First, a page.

The one purpose for which I think it would be useful is in indicating specific fingerings, where there's more than one possibility for a given note. In fact, without your tab, I would have played the left-hand G's on the pull in the 3rd row. (In fact, I think I still will. ;))



#5 PeterT

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Posted 19 March 2008 - 05:15 AM

Can you remind me how the Levy system goes?

Keys numbered from left to right:

Accidental Row - 1 to 5
C Row - 6 to 10
G Row - 11 to 15

Key prefixed with "L" when the melody drops onto the left hand.

Regards,
Peter.

#6 PeterT

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Posted 19 March 2008 - 05:17 AM

I like it better to play by the ear as soon as I have stored the scores in my head.

Me too!

#7 PeterT

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Posted 19 March 2008 - 05:23 AM

The one purpose for which I think it would be useful is in indicating specific fingerings, where there's more than one possibility for a given note. In fact, without your tab, I would have played the left-hand G's on the pull in the 3rd row. (In fact, I think I still will. ;))

Yes, the joys of having an instrument with 30+ keys giving us the option of alternate fingering. I came up with this for someone who has a 20 key instrument (but I use the same fingering).

Regards,
Peter.

PS - are you sure that you don't want to try this on your English?

#8 JimLucas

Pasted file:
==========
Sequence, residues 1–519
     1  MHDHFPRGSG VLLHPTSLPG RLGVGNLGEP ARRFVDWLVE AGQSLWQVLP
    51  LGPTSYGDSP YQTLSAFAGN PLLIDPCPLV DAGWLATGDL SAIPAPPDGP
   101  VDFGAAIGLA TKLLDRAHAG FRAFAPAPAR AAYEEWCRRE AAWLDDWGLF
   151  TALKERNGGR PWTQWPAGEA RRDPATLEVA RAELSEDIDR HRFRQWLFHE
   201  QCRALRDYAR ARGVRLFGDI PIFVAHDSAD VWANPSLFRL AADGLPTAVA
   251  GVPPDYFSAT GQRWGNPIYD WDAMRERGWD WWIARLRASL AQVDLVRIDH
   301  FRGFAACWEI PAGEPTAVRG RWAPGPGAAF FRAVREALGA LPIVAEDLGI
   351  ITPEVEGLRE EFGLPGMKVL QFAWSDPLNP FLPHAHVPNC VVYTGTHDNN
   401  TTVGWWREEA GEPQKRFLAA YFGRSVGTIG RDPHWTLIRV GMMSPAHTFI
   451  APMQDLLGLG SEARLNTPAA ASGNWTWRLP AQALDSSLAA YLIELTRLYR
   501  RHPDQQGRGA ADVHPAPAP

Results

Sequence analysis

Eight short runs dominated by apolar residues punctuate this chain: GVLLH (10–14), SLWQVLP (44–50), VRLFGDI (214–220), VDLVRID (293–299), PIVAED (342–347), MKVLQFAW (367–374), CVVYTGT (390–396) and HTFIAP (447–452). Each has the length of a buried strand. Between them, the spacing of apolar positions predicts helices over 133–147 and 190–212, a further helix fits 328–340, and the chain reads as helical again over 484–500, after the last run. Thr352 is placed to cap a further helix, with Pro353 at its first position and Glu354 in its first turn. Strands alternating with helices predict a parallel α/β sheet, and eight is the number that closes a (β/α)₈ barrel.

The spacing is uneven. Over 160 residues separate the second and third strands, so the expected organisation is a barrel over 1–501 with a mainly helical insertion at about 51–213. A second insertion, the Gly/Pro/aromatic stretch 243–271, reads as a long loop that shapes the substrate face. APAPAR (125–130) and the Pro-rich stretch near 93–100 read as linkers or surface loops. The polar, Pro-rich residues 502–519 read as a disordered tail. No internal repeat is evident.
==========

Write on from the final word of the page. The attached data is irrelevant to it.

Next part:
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Posted 19 March 2008 - 06:21 AM

PS - are you sure that you don't want to try this on your English?

Oh, the tune is wonderful on the English... and on the Crane, as well as on the anglo. (And presumably on my other systems, which I'll try later.) And it's simple enough that I've already tried a few different styles of harmony/accompaniment (can I call it that, when it's on the same instrument?). But I'm having trouble figuring out which buttons match your fingering on the English, since mine have 6, 7, or 8 rows, but they're only four buttons wide. And no matter how I match them up, I can't seem to get different notes on 8i and 8o. :D

On the other hand, if your point was not the particular finger notation, but your method of producing copy containing it, I think it's a fine idea.

#9 CaryK

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Posted 19 March 2008 - 11:41 AM

Taking a 30 key C/G Anglo, with the C row numbered 6 - 10 (Bertram Levy tutor numbering, so C = 6i [bellows going in]).

I have put the attached sheet of music (La Mourisque) together by sourcing the ABC notation, then using the Tune-o-Tron. Single line melody only. Is this method of use to anyone? :unsure: